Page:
News Releases from Region 1
EPA Seeks $60,000 From Two Bus Companies for Excessive Idling at Logan
Release Date: 10/02/2002
Contact Information: Andrew Spejewski, EPA Press Office, 617-918-1014
BOSTON – The U.S. Environmental Protection Agency today announced it is seeking a $33,200 penalty against National Car Rental Systems, Inc. and $29,400 against Paul Revere Transportation, LLC for excessive bus idling. The violations were observed at Logan Airport this summer. Both companies had multiple buses idling for more than five minutes, and in at least one case for each company, for over an hour. These are the first penalties ever sought by EPA for excessive idling in Massachusetts.
Diesel buses contribute to air pollution, and excessive idling (over five minutes) is prohibited under state regulations.
"Diesel exhaust from buses is a major health concern, especially in our urban neighborhoods, "said Robert W. Varney, regional administrator for EPA's New England Office. "These penalties are a sign that we're serious about cutting back on pollution by enforcing rules against excessive idling."
EPA inspectors observed the violations at Logan Airport on several days in June and July. Six of National's diesel shuttle buses at Logan Airport were found to be idling for more than five minutes, totaling 332 minutes of excessive idling. Twelve of Paul Revere's diesel "Logan Express" and intercity buses at Logan were found to be idling, totaling 294 total minutes in excess of the five-minute limit.
In August, EPA issued notices of violation to the two companies, along with eight other companies and Massport. In July EPA issued a notice of violation to the Massachusetts Bay Transit Authority for idling at its bus yards. The two proposed penalties announced today are the first to be sought from the summer's inspections.
Diesel exhaust contains fine particles (soot), smog-forming nitrogen oxides (NOx), and various toxic chemicals such as aldehydes (formaldehyde, acetaldehyde, acrolein), benzene, 1,3-butadiene, and polycyclic aromatic hydrocarbons (PAHs). EPA recently announced its findings that long-term inhalation exposure to diesel exhaust is likely to pose a lung cancer hazard to humans, and that short-term exposure can cause irritation and inflammatory symptoms.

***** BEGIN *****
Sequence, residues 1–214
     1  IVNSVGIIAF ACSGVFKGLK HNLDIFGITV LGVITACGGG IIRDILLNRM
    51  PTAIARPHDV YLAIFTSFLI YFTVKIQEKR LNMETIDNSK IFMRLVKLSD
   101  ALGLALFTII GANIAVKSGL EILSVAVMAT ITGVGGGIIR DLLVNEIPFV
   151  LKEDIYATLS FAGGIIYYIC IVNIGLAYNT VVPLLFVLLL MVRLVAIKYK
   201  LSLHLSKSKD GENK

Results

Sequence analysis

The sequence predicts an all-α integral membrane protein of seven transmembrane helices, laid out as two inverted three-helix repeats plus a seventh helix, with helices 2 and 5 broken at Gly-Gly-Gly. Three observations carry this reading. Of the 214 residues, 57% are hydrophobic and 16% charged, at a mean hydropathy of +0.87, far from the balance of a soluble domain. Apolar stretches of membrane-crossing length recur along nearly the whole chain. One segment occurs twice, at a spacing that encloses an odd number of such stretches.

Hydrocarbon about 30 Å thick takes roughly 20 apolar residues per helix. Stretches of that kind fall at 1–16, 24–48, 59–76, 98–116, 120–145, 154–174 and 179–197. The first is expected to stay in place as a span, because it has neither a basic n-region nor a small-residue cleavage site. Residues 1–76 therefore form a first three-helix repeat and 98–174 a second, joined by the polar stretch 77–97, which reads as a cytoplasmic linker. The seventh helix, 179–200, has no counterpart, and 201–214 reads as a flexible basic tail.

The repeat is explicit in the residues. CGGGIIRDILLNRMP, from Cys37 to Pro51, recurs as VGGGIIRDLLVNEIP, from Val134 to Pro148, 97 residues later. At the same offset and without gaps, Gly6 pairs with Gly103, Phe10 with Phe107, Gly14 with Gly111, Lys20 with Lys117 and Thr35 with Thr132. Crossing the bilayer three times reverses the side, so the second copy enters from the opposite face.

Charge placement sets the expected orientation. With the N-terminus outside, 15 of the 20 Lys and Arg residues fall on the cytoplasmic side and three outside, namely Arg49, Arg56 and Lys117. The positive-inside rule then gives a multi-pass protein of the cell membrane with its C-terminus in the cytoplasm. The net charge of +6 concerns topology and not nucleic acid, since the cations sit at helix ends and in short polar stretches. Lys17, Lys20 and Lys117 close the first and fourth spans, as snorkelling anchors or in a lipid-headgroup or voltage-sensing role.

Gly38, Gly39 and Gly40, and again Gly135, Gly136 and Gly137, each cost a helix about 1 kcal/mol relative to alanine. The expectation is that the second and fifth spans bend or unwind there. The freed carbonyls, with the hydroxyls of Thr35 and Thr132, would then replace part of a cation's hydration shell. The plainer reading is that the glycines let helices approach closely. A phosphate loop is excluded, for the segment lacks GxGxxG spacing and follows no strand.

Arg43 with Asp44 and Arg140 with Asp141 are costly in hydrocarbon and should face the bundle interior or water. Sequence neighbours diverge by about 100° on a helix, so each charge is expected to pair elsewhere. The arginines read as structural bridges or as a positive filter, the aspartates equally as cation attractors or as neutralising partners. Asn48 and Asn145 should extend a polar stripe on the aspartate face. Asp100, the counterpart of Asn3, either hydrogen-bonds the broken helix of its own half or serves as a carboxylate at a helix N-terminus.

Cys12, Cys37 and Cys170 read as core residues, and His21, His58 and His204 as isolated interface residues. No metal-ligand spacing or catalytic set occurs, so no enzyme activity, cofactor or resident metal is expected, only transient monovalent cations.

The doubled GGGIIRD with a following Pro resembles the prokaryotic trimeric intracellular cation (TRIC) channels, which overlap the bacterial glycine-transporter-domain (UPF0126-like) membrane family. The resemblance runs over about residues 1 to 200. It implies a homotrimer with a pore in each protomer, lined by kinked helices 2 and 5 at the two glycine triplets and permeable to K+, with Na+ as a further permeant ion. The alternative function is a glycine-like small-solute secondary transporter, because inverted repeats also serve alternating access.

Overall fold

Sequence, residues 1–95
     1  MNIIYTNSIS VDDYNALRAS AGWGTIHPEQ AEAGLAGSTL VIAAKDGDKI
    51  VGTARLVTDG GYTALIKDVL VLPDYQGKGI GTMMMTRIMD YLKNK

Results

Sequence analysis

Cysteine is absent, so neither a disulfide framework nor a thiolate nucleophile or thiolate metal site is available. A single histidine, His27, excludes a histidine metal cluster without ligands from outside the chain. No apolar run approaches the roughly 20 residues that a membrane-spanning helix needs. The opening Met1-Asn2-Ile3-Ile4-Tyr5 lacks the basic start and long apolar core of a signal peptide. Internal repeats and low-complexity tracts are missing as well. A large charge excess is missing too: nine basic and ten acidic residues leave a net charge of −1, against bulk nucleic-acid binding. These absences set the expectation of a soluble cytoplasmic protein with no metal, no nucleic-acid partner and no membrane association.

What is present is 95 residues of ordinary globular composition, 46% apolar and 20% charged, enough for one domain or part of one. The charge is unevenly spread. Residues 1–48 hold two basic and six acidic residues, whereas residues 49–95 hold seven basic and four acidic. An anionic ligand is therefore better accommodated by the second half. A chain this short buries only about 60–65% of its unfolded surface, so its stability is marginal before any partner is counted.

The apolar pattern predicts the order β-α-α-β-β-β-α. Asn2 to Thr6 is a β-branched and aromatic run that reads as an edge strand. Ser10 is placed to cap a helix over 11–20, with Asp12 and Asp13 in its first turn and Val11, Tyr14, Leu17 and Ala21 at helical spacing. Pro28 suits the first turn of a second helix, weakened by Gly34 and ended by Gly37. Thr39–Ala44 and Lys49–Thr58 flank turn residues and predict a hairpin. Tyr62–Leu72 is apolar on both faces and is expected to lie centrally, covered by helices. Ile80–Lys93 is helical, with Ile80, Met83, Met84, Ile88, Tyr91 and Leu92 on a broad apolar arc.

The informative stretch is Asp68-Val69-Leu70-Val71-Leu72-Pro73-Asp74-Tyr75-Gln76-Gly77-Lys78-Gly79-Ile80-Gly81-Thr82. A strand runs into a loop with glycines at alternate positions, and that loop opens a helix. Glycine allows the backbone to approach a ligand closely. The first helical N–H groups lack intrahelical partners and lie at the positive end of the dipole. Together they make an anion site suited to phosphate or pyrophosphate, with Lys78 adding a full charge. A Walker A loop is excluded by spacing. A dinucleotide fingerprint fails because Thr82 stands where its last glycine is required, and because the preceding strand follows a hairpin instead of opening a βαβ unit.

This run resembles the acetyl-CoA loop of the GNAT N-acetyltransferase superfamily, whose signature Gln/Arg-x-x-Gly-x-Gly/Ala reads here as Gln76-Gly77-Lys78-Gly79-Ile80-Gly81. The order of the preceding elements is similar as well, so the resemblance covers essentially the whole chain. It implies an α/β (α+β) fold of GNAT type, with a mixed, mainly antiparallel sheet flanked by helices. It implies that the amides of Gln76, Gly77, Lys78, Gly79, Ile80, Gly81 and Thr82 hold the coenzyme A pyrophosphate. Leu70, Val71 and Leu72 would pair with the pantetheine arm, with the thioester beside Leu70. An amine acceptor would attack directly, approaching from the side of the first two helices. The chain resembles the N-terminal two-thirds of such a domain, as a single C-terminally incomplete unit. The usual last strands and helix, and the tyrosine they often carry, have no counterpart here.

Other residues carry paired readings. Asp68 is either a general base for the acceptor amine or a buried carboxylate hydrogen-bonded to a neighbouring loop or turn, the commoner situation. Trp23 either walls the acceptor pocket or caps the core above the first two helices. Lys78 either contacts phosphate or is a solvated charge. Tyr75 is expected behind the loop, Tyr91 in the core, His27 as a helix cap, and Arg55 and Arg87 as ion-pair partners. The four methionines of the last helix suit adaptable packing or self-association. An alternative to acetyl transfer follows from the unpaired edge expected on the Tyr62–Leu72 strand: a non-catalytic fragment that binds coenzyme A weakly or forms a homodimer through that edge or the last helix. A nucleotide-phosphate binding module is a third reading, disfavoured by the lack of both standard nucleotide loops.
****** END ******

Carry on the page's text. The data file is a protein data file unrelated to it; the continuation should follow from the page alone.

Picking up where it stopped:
In New England, diesel engines are the third largest human-made source of fine particles, contributing more than 20 percent of emissions. Fine particles can cause lung damage and aggravate respiratory conditions, such as asthma and bronchitis. Children are more sensitive to air pollution because they breathe 50 percent more air per pound of body weight than adults. Recent studies have found a strong correlation between exposure to diesel exhaust and impaired lung growth in children.
On several days surrounding the EPA's inspections, the Boston area had significant air quality problems, including elevated ozone and soot levels, resulting in "moderate" and "unhealthy" air quality levels.
The Massachusetts anti-idling regulation prohibits idling the engine of any motor vehicle while the vehicle is stopped for a foreseeable period of time in excess of five minutes (with exceptions for activities such as maintenance and operating auxiliary equipment such as delivery lifts). Because the regulation is part of state efforts to meet federal air quality standards, it is enforceable by EPA.
EPA is also working aggressively with the six New England states to implement anti-idling programs, with a particular emphasis on diesel school buses. In May, EPA New England and the New England Asthma Regional Council issued idling guidelines for school bus operators. And earlier this year, as a result of an EPA case enforcement against Waste Management of Massachusetts, the company will provide ultra low sulfur diesel fuel for 200 diesel school buses operated by the Boston public schools, and new air filter traps for approximately 100 of those buses.